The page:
Success at memory drawing requires more than just the simple habit of regular practice. It requires deliberate practice. Deliberately practicing memory drawing means incorporating a systems approach to your efforts. And that means conquering each discrete problem before moving onto the next.
The Wrong Way to Practice
Before we get to deliberately practicing memory drawing, we should look at the wrong way to practice.
Imagine wanting to be a classical musician, having never played an instrument nor learned how to read music. You wouldn’t even think of beginning the process of learning by going straight to Beethoven’s Fifth!
But that’s how some people approach drawing (as well as memory drawing): as a performance. They immediately attempt a portrait or figure from a live model or photograph without first learning each skill that goes into effectively doing it.
Practice is Not Performance
Back to that piano analogy. Instead of beginning at the end (which again is more appropriately called performance), you would begin with simple scales on a piano, perfect your skill with that, and then move onto the next skill. Eventually all those skills would be tied together and you would learn simple pieces of music, and so on. All of that is called practice, and practice is what the habit of memory drawing is.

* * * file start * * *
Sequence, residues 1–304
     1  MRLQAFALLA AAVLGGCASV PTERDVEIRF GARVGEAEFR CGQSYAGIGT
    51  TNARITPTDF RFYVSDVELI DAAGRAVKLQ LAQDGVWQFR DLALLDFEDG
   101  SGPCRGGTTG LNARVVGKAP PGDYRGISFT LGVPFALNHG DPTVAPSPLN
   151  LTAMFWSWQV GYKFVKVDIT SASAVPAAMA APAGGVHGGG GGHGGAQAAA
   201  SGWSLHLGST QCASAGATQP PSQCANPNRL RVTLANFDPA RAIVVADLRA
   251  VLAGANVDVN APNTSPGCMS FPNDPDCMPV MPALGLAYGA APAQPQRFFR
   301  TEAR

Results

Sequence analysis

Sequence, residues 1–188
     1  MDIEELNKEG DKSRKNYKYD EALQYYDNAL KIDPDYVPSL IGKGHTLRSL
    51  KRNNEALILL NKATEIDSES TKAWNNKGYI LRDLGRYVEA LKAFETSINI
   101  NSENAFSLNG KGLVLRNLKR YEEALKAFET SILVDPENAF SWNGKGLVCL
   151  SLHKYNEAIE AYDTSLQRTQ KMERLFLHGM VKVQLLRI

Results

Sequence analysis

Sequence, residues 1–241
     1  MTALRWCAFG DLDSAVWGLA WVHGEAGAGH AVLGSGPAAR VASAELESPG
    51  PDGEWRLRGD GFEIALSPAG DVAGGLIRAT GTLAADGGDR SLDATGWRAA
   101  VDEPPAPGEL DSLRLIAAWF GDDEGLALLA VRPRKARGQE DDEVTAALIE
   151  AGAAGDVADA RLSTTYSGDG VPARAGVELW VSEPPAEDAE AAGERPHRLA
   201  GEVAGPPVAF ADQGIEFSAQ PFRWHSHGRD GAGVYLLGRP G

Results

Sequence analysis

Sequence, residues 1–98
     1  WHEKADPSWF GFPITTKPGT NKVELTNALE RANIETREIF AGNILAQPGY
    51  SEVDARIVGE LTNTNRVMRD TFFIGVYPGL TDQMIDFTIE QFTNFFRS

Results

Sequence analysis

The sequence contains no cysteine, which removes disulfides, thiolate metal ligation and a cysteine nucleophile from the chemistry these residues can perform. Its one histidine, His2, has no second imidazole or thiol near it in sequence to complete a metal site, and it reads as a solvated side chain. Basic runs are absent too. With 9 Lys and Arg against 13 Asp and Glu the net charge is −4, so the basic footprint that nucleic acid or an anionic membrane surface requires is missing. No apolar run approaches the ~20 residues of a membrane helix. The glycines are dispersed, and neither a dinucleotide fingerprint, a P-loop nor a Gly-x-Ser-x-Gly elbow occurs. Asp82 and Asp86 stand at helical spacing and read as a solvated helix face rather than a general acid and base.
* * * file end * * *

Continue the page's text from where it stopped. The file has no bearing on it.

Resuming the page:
For practice to be the most beneficial it needs to be deliberate. Deliberate practice of any intended skill requires five things:
- You must be motivated.
- You must build on the foundations you already possess.
- You must practice one thing at a time.
- You must get feedback during and after practice.
- You must be persistent.
Let’s unpack those.
That you are reading this article implies that you are at least somewhat motivated. How deep that motivation runs within you will affect your success with memory drawing.
Relative to our subject, you can see (more or less accurately) and you already posses some form of visual memory. It is those skills that you will begin with.
One Thing at a Time
One does not succeed at the practice of memory drawing by beginning with something like a scene of a rainbow over a mountain gorge, or a full figure nude. Rather, improving your visual memory will occur much faster if you separate the various aspects of seeing into individual areas of study. That’s why memory drawing practice often begins with simple line segments and shapes.
Feedback is the process of comparing what you’ve done to a predetermined standard. Relative to memory drawing, the standard is whatever source you’re trying to draw from memory. To be effective, however, the source needs to be static and available so that you can compare your efforts to it.
Are You Present?
As mentioned, to succeed with memory drawing it needs to become a habit and you need to be present at each lesson. I mean this in two ways:
- You must physically show up (that’s the habit issue again).
- You must mentally show up (which means actively seeing).
- Practice Perfect, by Doug Lemov.